3) The more variety in shapes/styles, the more distribution/placement planning is needed, whether it is to create harmony, or to contrast interesting/busy bits vs. boring/simpler bits.
4) Last year I had six yellows/oranges, (five in practice; the sixth was disruptive,) and six beige/browns; this year I had ten yellows/oranges and four three beige/browns, plus a place for last year's disruptive member, and proportionately far more skeins of the yellows. This year's is intensely yellow as a result, last year's washed out in comparison, but this year's was harder to work as I had to constantly compare the colors and a few day's rest required relearning some fine differences all over.
 
5) I kept referring to last year's sample for various reasons, among them to see if I stitched vertically vs horizontally the difference will wash out in the finishing. I had concluded it had, so in the last week I mixed directions to edit shapes, (i.e. in same colors,) or to create more interesting shapes. At least after one wash, the different appearances did not disappear, so I have unattractive bumps where I edited shapes. As regards the bumps in areas with trickier shapes, though, I find them attractive. Now the question is whether to stick to uniform directions to make each color area smooth, or use basketweave stick, which incidentally makes the reverse side layered/complicated/messy?/interesting.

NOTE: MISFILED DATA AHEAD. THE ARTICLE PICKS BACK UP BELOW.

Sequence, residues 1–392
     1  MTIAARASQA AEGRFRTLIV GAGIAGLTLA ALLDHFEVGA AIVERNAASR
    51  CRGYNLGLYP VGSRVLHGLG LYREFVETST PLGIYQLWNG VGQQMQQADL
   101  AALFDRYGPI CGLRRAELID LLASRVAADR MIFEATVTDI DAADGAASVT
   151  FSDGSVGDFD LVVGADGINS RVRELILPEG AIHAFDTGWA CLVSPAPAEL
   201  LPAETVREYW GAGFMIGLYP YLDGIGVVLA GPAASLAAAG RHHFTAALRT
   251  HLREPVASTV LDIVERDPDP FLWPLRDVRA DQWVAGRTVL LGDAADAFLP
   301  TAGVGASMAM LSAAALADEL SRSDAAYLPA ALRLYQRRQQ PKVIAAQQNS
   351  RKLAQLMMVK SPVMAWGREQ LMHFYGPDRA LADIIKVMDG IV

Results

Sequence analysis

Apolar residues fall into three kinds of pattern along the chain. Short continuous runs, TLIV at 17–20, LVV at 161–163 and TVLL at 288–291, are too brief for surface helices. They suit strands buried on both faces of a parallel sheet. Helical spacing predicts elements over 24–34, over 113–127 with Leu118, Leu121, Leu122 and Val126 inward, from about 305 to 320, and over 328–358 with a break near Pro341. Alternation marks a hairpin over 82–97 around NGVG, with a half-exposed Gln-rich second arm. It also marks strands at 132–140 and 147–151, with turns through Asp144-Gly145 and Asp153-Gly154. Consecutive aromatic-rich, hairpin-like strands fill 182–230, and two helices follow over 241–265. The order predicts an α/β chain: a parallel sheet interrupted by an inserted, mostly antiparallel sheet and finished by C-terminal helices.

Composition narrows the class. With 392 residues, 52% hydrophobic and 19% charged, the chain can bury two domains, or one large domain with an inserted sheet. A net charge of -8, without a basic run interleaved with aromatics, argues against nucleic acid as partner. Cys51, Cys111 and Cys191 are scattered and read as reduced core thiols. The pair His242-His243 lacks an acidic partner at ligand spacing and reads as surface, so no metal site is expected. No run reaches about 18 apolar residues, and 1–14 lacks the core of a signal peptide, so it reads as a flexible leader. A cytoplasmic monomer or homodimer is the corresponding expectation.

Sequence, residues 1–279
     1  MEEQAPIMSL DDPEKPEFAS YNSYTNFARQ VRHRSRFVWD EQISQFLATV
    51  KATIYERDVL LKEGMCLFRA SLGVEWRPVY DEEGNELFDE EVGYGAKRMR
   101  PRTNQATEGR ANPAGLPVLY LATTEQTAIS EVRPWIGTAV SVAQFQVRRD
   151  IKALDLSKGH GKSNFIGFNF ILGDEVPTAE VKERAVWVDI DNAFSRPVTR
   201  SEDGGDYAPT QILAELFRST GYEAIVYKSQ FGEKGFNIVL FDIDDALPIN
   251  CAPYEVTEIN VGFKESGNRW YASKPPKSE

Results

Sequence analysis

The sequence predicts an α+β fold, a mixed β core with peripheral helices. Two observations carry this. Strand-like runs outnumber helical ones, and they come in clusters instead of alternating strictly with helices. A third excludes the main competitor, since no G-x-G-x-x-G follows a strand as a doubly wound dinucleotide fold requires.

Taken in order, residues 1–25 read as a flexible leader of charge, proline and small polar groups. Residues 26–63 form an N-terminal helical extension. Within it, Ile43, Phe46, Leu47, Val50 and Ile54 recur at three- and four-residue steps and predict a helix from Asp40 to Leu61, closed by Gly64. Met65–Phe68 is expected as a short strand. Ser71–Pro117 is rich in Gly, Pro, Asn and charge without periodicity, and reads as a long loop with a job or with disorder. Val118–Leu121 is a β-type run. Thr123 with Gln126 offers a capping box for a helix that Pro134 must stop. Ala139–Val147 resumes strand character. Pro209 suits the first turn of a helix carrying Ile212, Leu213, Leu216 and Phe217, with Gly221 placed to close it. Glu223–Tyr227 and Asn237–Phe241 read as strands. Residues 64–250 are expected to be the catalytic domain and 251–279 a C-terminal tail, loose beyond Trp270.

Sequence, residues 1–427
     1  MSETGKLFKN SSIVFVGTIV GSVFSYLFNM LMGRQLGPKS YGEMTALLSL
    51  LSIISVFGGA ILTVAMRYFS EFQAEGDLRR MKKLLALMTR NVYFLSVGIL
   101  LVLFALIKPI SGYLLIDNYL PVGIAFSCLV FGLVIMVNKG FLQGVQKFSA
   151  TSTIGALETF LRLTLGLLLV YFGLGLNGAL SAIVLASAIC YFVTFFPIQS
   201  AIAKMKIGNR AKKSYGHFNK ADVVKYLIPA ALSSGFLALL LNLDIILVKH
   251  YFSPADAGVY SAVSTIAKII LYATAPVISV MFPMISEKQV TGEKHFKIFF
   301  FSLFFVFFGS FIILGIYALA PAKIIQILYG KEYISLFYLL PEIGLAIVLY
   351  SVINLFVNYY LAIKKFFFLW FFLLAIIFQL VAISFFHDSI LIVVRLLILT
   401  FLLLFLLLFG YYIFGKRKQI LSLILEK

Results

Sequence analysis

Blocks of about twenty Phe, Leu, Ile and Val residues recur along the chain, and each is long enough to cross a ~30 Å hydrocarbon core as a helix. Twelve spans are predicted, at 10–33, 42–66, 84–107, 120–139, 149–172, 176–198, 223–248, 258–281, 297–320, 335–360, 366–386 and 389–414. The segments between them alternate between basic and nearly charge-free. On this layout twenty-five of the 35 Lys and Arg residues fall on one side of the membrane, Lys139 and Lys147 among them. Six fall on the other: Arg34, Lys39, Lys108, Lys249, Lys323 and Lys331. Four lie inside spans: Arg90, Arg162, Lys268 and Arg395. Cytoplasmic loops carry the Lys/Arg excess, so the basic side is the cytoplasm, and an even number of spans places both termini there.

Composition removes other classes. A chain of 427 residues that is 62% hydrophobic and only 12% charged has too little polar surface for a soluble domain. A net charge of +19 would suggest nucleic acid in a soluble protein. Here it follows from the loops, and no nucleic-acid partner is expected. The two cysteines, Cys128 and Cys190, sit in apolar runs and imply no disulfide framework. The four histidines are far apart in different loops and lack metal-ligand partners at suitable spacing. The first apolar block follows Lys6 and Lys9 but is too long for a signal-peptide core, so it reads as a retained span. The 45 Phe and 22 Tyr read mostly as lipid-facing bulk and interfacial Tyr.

6) I used dish detergent to wash this year's, while last year I had to wash four times including the third in white spirits to remove the tape glue which had spread all over the piece. Surprisingly I may have washed out more colors this year. Most obvious was with this taupy gray; the left is form last year, the right from this year; the original skein had a slightly yellower/browner appearance much like the left. I was taught this particular dish detergent was the standard for Kiwis washing unwashed/homespun yarns, so I wanted to give it a go, thinking more about the texture of wool rather than dyes. It's harsh on dyes. Because of the repeated washing, last year's piece has a better drape and behaves like a thick wool fabric which I love; this year's still maintains canvas stiffness. 

7) The last empty canvas I have is roughly this year's and last year's put together. I could of course cut it to make two more of these sizes. A big piece to hang inside the front door in the winter will be at least six times the size of these sample. 
8) Last year's piece took less than three months; this year 4.5, including some long breaks. While I enjoyed this year's experiment just as much, this time was easier in that I could put myself in autodrive once I sat down and picked up the canvas, and the mindless/meditative aspect of making things up as I go was beneficial but also natural.
9) While I have no plans to use this sample, either, I am considering giving this another wash and/or more vinegar baths. I'm trying not to think of next year's plan, but I have a few yellow skeins left. 

Good times.

2 comments:

  1. Meg, I really love the way this piece evolved. The gradations of colour are superb. Great stuffb !

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    1. Thank you, Janie. Thank you for your comment.